In Italy and other European countries, at both the local and national levels, the process of deinstitutionalization and implementation of a community-based model was characterized by a lack of evaluation mostly resulting from insufficient attention to the development of systematic data collection (5,6). There has been no deliberative action to develop or maintain standards of quality of care. To fill this gap, two Italian national surveys were carried out in 2002 and 2003 to provide a descriptive overview of the characteristics of inpatient and residential facilities (7,8) and of patients admitted to and discharged from these facilities over an index period (9,10). A third national survey, named PROG-CSM (Progetto Centri di Salute Mentale), was subsequently undertaken in all Italian CMHCs in 2005 with the aim to examine the extent to which these facilities adhered to the standards defined by the National Mental Health Plan.

To develop an instrument to assess adherence to the standards of the National Mental Health Plan, a large research group including mental health professionals, biostatisticians, and epidemiologists translated the plan's policy recommendations into operational definitions of the key domains of interest; the group then generated questions to explore these domains. This process was carried out in small-group and plenary work sessions and consisted of analyzing existing instruments and defining specific indicators.

Consensus was reached on the following domains: continuity of care, coordination with other community-based services, accessibility, implementation of specific programs, and provision of care. Continuity of care refers to the level of integration of the CMHC with the other services in the mental health departments, which include day centers, day hospitals, residential facilities, and inpatient facilities. It is defined as the ability to cooperate with other services and take a long-term perspective in offering an integrated sequence of crisis management interventions and support in settling discharged patients in the community. These interventions include developing procedures for admission and discharge to mental health department facilities as well as monitoring and follow-up procedures after patient discharge. Coordination with other community-based services refers to the ability of each CMHC to create and maintain a network with other community-based services (outside the mental health department) to coordinate long-term interventions for problems such as housing, employment, general medical illness, and poor social networks. Accessibility denotes the capacity of the CMHC to ensure that needs of the population are managed rapidly and adequately. Characteristics that could facilitate or hamper access to services (opening hours, procedures for immigrants, and local and decentralized branch services of the CMHC) are explored. Specific programs denote the capacity of the CMHC to implement care or prevention programs to meet specific population needs (stigma prevention, training of general practitioners, and self-help). The provision of care includes the number of patients seen and treated. [An appendix summarizing the operational definitions and coding of the domain indicators is available as an online supplement to this brief report at ps.psychiatryonline.org.]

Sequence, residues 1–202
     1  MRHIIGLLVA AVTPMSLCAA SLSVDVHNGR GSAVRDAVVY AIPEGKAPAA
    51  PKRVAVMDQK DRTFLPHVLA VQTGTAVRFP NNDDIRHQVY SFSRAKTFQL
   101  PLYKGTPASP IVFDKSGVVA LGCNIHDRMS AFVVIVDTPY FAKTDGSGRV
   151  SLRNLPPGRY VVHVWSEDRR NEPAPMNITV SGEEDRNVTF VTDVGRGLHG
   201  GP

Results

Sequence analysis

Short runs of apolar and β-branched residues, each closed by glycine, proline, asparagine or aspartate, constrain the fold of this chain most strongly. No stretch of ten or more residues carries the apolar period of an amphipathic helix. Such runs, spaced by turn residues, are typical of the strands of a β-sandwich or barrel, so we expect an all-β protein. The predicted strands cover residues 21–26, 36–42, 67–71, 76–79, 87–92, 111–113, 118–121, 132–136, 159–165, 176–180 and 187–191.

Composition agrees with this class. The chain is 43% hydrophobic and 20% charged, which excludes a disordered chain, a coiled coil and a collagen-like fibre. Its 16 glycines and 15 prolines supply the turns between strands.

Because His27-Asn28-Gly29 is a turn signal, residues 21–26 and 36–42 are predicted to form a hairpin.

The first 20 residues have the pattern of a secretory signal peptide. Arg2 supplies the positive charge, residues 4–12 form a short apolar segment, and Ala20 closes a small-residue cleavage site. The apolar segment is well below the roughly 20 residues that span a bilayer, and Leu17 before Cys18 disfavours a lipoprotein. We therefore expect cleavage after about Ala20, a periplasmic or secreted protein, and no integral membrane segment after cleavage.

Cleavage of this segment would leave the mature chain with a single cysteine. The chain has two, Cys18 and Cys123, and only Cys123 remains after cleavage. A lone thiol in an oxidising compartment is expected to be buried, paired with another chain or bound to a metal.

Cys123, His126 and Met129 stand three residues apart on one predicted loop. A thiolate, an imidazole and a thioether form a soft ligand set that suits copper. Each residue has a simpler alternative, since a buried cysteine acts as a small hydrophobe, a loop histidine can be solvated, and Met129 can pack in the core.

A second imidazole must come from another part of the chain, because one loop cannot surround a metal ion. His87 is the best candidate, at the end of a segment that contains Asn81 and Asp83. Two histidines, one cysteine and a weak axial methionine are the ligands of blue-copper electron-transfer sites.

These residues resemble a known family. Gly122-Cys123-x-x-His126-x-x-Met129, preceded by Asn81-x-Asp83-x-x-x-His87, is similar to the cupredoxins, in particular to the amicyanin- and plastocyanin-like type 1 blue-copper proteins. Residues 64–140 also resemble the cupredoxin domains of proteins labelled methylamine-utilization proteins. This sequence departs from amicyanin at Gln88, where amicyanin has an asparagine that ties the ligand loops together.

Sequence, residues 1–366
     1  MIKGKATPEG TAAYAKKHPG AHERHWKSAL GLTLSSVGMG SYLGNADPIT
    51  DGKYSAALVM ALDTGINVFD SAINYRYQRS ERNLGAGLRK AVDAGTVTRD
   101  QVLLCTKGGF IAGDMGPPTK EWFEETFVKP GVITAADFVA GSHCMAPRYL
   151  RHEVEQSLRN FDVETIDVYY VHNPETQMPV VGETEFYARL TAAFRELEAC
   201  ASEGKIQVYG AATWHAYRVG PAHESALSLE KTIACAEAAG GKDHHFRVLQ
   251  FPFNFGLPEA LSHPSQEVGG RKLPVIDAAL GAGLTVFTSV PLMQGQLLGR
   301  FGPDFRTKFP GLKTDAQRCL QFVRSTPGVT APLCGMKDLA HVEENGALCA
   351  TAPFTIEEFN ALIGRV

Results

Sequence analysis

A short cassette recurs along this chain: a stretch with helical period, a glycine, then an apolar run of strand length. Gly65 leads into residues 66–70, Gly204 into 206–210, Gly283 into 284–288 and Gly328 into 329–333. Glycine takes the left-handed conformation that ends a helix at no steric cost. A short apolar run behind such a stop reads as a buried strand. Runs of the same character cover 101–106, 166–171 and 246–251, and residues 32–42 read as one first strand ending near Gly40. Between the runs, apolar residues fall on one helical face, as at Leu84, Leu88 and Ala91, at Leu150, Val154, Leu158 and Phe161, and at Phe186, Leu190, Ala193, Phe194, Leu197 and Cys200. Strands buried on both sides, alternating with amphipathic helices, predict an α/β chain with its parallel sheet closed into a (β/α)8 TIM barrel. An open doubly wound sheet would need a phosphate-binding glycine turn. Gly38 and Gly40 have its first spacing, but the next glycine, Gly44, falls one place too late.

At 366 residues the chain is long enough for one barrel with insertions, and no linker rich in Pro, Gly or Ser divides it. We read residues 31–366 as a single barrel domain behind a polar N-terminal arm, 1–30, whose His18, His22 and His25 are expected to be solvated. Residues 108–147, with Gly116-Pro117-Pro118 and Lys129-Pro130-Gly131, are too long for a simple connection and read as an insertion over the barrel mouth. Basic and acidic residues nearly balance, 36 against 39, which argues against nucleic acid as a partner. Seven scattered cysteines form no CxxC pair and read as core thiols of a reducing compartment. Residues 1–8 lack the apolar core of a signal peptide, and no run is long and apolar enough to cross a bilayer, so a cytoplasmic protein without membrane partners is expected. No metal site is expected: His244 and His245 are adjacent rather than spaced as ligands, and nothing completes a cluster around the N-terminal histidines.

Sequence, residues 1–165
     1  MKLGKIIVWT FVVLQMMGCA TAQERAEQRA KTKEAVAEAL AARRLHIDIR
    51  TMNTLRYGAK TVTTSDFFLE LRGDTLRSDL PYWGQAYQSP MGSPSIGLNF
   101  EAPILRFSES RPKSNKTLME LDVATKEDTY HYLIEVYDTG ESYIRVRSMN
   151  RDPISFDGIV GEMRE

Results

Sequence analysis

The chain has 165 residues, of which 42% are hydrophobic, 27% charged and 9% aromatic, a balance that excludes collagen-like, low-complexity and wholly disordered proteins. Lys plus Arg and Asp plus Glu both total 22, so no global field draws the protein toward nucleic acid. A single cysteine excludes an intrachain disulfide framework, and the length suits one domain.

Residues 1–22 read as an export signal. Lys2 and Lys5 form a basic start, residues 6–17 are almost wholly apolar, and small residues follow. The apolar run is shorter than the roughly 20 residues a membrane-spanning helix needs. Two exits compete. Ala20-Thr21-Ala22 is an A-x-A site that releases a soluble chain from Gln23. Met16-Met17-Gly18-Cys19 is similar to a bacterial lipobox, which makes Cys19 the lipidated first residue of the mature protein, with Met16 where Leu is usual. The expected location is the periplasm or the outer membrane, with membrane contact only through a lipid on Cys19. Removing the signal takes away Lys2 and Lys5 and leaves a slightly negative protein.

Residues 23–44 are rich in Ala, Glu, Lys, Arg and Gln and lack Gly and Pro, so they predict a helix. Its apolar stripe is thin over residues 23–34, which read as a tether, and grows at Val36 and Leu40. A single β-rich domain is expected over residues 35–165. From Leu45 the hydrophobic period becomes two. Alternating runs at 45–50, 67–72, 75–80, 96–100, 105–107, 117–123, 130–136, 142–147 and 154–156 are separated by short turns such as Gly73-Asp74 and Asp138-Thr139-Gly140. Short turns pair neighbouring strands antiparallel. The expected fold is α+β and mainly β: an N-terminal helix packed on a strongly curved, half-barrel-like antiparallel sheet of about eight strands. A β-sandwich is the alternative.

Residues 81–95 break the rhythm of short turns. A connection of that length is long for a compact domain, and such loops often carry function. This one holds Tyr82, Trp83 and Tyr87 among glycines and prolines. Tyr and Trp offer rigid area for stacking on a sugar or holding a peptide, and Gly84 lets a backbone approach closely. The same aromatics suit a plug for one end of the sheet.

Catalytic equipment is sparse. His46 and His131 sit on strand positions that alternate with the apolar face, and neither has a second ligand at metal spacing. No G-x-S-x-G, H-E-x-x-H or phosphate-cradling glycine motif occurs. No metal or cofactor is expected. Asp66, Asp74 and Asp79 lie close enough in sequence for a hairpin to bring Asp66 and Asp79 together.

Several questions were then generated to explore these domains, and two questionnaires were developed, one for the CMHC and the other for the mental health department. A pilot study was carried out in 22 CMHCs and 22 mental health departments (one per region) to test the face validity of the questionnaires and the procedures for data collection. From the feedback received during the pilot study, some items were rephrased, and other specific programs were added to the list.

The survey was conducted between July 2005 and December 2006 by two researchers per region, who were recruited from an existing network of experienced interviewers that had been established for two previous Italian national surveys. Researchers completed a day of training in use of the instruments and the procedures of data collection. Their task consisted of rating the questionnaire items and retrieving data from the mental health information systems when available. Data from local information systems were used to estimate the prevalence and incidence of psychiatric disorders.